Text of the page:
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To gain insight into cyclic motor learning processes, hand rim wheelchair propulsion is a suitable cyclic task, to be learned during early rehabilitation and novel to almost every individual. To propel in an energy efficient manner, wheelchair users must learn to control bimanually applied forces onto the rims, preserving both speed and direction of(More)
Handrim wheelchair propulsion is a cyclic skill that needs to be learned during rehabilitation. Yet it is unclear how inter-individual differences in motor learning impact wheelchair propulsion practice. Therefore we studied how early-identified motor learning styles in novice able-bodied participants impact the outcome of a low-intensity(More)
Handrim wheelchair propulsion is a complex bimanual motor task. The bimanually applied forces on the rims determine the speed and direction of locomotion. Measurements of forces and torques on the handrim are important to study status and change of propulsion technique (and consequently mechanical strain) due to processes of learning, training or the(More)
To propel in an energy-efficient manner, handrim wheelchair users must learn to control the bimanually applied forces onto the rims, preserving both speed and direction of locomotion. Previous studies have found an increase in mechanical efficiency due to motor learning associated with changes in propulsion technique, but it is unclear in what way the(More)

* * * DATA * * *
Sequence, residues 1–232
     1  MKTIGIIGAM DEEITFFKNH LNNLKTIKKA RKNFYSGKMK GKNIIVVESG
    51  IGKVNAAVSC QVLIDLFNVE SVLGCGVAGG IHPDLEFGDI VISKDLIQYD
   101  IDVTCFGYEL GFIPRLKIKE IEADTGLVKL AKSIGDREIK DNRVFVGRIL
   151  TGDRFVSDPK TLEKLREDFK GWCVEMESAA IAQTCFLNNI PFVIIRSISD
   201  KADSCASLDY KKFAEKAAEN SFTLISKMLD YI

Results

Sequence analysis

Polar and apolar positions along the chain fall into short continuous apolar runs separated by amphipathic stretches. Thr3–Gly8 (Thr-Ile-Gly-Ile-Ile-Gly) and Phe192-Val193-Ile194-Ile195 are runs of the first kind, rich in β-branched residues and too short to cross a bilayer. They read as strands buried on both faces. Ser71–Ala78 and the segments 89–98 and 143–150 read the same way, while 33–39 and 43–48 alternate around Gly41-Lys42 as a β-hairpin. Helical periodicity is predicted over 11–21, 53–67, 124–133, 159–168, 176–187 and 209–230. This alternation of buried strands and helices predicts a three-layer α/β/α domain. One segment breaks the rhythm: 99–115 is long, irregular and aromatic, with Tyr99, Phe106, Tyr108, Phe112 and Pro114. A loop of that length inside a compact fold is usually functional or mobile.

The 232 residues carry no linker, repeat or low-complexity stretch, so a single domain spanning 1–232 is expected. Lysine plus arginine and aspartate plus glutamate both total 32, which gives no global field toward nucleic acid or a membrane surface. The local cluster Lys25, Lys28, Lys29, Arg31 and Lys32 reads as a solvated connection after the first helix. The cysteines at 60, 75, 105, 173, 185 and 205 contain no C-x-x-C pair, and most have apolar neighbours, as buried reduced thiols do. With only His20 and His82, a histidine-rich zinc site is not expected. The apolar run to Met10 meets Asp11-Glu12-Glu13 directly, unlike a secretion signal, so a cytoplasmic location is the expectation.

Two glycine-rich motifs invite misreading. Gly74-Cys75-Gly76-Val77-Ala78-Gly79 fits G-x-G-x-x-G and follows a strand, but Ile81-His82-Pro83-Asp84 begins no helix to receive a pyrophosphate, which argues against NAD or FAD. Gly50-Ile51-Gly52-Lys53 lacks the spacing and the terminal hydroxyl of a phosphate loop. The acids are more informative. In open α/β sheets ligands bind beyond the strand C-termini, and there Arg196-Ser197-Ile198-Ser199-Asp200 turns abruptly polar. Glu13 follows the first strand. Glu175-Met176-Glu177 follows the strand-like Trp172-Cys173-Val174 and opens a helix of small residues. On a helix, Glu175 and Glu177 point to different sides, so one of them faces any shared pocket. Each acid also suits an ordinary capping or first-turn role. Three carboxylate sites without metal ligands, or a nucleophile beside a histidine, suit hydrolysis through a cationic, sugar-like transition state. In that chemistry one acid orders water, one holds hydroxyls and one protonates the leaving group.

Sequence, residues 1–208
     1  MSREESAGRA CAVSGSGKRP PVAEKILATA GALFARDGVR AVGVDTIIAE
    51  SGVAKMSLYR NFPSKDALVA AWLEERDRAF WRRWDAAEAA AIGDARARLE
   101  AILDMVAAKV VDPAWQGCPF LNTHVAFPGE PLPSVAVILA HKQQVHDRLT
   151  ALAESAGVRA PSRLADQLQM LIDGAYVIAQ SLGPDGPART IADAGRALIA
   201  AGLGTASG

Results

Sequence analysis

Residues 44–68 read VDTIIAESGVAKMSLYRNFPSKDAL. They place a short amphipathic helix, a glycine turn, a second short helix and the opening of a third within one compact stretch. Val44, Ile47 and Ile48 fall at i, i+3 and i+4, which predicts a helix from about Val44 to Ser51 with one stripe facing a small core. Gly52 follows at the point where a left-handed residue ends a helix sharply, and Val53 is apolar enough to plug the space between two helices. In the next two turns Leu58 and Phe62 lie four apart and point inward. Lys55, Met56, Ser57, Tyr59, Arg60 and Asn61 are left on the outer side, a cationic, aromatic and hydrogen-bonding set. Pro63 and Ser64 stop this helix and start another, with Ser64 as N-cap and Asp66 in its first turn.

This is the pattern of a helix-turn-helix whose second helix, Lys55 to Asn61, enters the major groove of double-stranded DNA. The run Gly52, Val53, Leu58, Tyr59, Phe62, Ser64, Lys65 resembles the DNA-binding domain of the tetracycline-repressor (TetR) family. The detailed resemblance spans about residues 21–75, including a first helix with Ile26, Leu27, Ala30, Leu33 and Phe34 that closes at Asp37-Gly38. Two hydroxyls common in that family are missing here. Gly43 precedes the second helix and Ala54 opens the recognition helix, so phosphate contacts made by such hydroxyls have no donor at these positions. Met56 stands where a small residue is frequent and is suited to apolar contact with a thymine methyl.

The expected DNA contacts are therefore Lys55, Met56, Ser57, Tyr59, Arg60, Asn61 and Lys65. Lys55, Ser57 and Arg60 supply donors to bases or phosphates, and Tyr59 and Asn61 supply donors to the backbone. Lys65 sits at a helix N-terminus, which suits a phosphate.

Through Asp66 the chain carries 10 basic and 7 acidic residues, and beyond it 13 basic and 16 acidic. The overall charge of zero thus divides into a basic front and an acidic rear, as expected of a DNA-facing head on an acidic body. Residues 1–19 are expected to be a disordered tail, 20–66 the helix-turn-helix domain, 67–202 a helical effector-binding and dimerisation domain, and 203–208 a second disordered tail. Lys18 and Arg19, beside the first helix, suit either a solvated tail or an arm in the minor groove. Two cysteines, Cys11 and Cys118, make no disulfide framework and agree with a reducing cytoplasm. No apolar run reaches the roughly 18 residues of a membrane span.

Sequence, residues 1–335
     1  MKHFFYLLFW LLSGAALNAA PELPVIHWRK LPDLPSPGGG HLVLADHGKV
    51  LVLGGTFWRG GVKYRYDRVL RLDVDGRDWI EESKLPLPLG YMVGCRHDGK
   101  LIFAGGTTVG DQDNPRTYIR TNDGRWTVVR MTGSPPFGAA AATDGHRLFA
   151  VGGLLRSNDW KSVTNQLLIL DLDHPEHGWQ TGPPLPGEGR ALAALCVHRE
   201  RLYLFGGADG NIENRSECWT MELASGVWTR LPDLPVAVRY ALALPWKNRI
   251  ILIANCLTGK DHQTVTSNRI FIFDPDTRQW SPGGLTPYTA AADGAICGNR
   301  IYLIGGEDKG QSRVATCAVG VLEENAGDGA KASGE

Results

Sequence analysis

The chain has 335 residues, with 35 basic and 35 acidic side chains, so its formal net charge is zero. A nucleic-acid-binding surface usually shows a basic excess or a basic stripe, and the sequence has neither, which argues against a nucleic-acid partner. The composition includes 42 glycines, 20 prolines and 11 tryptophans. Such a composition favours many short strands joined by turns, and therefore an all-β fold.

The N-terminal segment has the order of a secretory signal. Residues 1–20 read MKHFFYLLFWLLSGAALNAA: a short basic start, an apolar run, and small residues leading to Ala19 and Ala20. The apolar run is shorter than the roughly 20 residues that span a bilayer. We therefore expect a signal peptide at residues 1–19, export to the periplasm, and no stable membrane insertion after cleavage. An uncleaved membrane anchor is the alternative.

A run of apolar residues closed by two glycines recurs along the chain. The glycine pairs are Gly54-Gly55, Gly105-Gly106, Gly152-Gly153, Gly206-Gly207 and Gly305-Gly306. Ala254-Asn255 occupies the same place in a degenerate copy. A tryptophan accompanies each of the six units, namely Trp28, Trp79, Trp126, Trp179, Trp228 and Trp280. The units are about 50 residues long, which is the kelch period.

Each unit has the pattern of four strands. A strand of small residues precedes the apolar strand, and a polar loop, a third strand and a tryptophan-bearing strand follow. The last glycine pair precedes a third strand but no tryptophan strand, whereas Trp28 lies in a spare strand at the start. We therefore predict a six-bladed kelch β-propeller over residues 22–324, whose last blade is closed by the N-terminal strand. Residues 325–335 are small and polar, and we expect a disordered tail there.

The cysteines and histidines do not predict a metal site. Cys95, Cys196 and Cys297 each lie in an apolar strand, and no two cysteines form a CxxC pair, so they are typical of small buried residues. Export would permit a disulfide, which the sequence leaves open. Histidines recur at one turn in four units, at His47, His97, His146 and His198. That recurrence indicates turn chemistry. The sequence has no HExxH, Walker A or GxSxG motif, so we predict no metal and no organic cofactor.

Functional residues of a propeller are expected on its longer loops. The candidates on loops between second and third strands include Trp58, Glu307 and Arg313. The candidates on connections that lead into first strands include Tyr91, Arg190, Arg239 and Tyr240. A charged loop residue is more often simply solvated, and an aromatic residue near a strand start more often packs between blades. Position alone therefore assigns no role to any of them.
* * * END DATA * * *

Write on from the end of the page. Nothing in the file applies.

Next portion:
BACKGROUND It has been suggested that a higher intra-individual variability benefits the motor learning of wheelchair propulsion. The present study evaluated whether feedback-induced variability on wheelchair propulsion technique variables would also enhance the motor learning process. Learning was operationalized as an improvement in mechanical efficiency(More)
Handrim wheelchair propulsion is a cyclic skill that needs to be learned during rehabilitation. It has been suggested that more variability in propulsion technique benefits the motor learning process of wheelchair propulsion. The purpose of this study was to determine the influence of variable practice on the motor learning outcomes of wheelchair propulsion(More)
Changes in propulsion technique due to motor learning might account for a higher mechanical efficiency (ME, the ratio of internal power over external power). The changes in ME and propulsion technique were studied in a learning experiment, three times a week for eight minutes, with nine able-bodied subjects, simulating early rehabilitation. Instrumented(More)
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